Each week I will publish the most Delicious Ingredients of my Audible Feast … the scrumptious, delectable, savory, rich, sweet, spicy, and best podcasts that have fed my ears this week. They’re listed in no particular order. You can see what I’ve been listening to here to see the competition these shows beat out to earn their spot as the best of the week.
My playlist is accessible on RadioPublic at the link below, which will take you directly to the playlist if you have the app where you can hit “follow” to get the Delicious Ingredients weekly. If you don’t have the app, get it from the Apple Store or Google Play.
To sum up this week, there were a lot of tears, some religion, strong women, and some hope and laughs.
HumaNature, Episode 23: Between a Rock and a Holy Place (6/21/17): What it’s about: “This is the first episode in a three-part summer series, called Science Camp, where we’re exploring the human side of science. Ryan Haupt had a lot of questions about his faith. When he started looking for answers, he unearthed them in unexpected places.” Why it’s great: A great HumaNature episode about a man who turned away from religion and toward science and was brave enough to explain himself to his conservative father. (24 minutes)
Terrible, Thanks for Asking: Mini-Season Ep. 8: Dear Grown-Ups (6/13/17): What it’s about: “What do you wish your grown-ups had said to you when you were a kid? Especially while dealing with really hard stuff? We wanted to know, so we asked the Terrible Club – listeners who support the show – and they had some thoughts. Geez da wheeze, did they have some thoughts.” Why it’s great: You have the option of hearing this episode as sad, because you feel for the adults who were kids that didn’t get loving, appropriate, helpful messages from their parents, or you could hear it as hopeful, as with many episodes of TTFA. I felt the readers’ catharsis so many times. Loud and clear: make sure your kids truly feel loved and that they know they have self-worth. (37 minutes)
Terrible, Thanks for Asking: Mini-Season Ep. 7: Naomi + Khaleel (6/7/17): What it’s about: “Khaleel Thompson is an 18-year-old who loves music, reading, and his cat, Domino. Naomi is his mother, asking why four police officers fired more than 12 rounds at her son in a public park two weeks ago, leaving him in critical condition. The two of them are the humans behind a news headline – caught in a story that is just unfolding.” Why it’s great: I’m not surprised, but I’m disappointed, that I haven’t heard about this story in national news. Host Nora McInerny says right up front – this is not an investigative reporting show, we’re not going to get into what is happening with the case, but we are going to talk to Khaleel’s mom about what she’s going through. Similar to the “19 Hours” episode where McInerny interviewed a woman whose husband had died less than a day prior, Doualy Xaykaothao interviews Khaleel’s mom about her sadness and shock in the days following the shooting. The picture Xaykaothao paints of Naomi sitting in this dark apartment will take any mother to that room in her mind. ( 27minutes)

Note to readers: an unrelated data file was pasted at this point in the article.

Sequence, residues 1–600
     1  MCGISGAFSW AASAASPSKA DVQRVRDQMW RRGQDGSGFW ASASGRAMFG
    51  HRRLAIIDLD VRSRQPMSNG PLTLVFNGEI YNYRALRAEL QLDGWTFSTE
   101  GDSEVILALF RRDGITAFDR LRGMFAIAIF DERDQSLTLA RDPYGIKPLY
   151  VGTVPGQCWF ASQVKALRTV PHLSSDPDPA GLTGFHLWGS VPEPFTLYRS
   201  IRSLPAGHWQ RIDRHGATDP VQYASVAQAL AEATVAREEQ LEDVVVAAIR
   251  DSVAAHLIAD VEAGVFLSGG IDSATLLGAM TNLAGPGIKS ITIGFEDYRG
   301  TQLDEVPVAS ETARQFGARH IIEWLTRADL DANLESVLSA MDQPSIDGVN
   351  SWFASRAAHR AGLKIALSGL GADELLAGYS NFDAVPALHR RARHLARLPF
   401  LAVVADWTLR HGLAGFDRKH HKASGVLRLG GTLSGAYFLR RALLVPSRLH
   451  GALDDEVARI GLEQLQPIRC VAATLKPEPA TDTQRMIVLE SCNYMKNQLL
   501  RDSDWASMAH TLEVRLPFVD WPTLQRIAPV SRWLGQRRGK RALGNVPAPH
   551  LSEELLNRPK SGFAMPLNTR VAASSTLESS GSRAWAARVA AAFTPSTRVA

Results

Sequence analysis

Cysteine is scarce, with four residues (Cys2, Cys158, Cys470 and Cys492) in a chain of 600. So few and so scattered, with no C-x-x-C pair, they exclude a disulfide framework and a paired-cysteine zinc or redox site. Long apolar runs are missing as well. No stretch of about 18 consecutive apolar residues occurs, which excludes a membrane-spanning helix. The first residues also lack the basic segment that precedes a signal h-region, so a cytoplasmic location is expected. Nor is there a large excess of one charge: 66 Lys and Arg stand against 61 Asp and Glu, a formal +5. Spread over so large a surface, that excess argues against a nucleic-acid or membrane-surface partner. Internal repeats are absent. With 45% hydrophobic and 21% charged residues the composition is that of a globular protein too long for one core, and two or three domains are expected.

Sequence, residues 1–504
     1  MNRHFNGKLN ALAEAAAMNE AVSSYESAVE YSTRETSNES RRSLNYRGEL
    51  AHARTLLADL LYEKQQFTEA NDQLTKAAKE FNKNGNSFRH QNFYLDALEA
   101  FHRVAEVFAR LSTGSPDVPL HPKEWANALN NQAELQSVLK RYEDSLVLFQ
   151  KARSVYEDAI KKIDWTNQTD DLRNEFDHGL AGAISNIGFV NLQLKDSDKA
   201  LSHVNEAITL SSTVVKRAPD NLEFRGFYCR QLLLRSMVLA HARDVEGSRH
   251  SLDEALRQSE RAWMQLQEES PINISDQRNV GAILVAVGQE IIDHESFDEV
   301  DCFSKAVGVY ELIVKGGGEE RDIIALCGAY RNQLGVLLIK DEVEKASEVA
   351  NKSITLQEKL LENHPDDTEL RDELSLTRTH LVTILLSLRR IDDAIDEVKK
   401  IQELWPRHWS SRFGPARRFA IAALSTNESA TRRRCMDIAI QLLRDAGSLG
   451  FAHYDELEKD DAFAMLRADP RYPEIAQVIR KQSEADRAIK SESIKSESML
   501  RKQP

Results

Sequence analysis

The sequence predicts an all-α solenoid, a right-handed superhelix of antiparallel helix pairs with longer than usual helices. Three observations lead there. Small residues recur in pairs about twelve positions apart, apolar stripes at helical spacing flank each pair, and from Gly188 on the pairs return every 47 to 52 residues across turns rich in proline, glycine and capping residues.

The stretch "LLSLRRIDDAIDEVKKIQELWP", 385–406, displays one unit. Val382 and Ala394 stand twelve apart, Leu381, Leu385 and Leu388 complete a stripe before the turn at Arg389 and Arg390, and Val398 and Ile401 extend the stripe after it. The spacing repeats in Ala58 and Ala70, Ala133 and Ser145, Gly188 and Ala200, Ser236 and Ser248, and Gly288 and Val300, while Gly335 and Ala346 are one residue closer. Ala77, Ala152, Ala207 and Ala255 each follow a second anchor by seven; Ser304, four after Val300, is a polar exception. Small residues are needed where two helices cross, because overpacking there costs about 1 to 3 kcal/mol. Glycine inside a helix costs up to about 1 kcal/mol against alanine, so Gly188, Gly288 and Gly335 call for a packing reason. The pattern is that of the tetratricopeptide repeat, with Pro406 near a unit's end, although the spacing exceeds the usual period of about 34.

Ear Hustle: Misguided Loyalty (6/28/17): What it’s about: “Tommy Shakur Ross grew up in South Central Los Angles in the 1980’s. As a boy, he was seduced by what he saw as the “glamour” of gang life. Thirty years later, Shakur is still paying the price for giving his most to a gang that ultimately brought the kind of fame he wishes he’d never earned.” Why it’s great: I guess this particular episode was so striking to me because I really wasn’t expecting it. Episode one in this new series was more or less about prison life, and was also terrific, but this episode was about what put a man in prison, and it’s extremely sad. It was captured so well, it is truly art. I can’t wait to hear the arc of this podcast. (28 minutes)
Between Us Girls, Episode 40: Get Out! (6/28/17) What it’s about: “This week, the ladies get super serious for real and welcome domestic abuse survivors Shantia and Christina as they bravely share their truth. Join the panel as they discuss the real life horror story that haunts as many as 1 in 4 women, ages 18-24. Hear why all love ain’t good love.” Why it’s great: It’s so hard to talk about domestic violence, but it’s so much more common than you might think. Consider the statistic in the quoted episode description: 1 in 4 women. Abuse can take so many forms and this episode peels back the curtain on what makes women stay and what makes women finally shut the door on those relationships, via brave first-hand stories, including one from a host of the show. My heart hurt for these women.
With Friends Like These: “It’s Not Who We’re Supposed to Be, But it’s Who We Are” (6/26/17): What it’s about: “A bonus pod about the Philando Castile verdict and what happens next, with Greg Doucette (@greg_doucette) and Jane Coaston (@cjane87).” Why it’s great: This is a great discussion, although in this case, unlike some other With Friends Like These episodes, everyone is pretty much on the same side of the issue at hand, which is the reaction to the acquittal of Officer Jeronimo Yanez for killing Philando Castile in a traffic stop in 2016 in Minnesota. I’m not going to stop bringing up this incident and will listen to everything I can get a hold of regarding the case. Many salient points were made here, especially at the end where Coaston says for some people, breaking the law is an annoyance, and for some people, breaking the law means they’re going to die. We have to do something about that. (43 minutes)